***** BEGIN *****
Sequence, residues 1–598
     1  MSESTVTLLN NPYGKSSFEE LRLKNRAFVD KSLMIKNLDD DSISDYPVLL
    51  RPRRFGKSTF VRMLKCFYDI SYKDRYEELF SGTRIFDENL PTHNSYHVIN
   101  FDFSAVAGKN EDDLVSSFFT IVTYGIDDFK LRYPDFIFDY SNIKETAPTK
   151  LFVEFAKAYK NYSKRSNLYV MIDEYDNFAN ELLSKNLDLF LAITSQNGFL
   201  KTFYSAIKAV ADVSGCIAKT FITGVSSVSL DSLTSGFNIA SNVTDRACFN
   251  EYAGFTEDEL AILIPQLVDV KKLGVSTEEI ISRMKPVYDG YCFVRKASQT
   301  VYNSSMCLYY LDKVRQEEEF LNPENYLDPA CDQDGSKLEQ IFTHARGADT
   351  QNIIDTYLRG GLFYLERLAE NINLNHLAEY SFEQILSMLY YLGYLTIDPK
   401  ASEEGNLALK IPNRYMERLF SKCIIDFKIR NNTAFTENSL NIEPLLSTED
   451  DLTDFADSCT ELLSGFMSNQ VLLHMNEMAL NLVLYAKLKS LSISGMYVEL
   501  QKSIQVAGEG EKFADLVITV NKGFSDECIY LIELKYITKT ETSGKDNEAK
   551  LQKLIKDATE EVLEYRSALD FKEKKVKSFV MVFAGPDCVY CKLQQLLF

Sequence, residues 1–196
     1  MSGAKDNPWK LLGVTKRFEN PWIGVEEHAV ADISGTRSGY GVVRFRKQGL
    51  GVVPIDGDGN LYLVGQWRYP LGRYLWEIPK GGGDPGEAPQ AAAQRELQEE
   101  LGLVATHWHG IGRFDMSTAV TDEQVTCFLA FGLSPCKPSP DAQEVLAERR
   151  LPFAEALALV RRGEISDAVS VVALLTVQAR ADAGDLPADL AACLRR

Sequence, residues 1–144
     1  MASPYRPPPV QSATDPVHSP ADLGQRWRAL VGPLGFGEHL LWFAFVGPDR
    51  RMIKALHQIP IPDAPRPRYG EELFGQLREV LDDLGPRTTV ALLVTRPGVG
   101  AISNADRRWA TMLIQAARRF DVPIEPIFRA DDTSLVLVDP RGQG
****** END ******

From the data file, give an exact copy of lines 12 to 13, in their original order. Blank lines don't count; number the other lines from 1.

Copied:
   501  QKSIQVAGEG EKFADLVITV NKGFSDECIY LIELKYITKT ETSGKDNEAK
   551  LQKLIKDATE EVLEYRSALD FKEKKVKSFV MVFAGPDCVY CKLQQLLF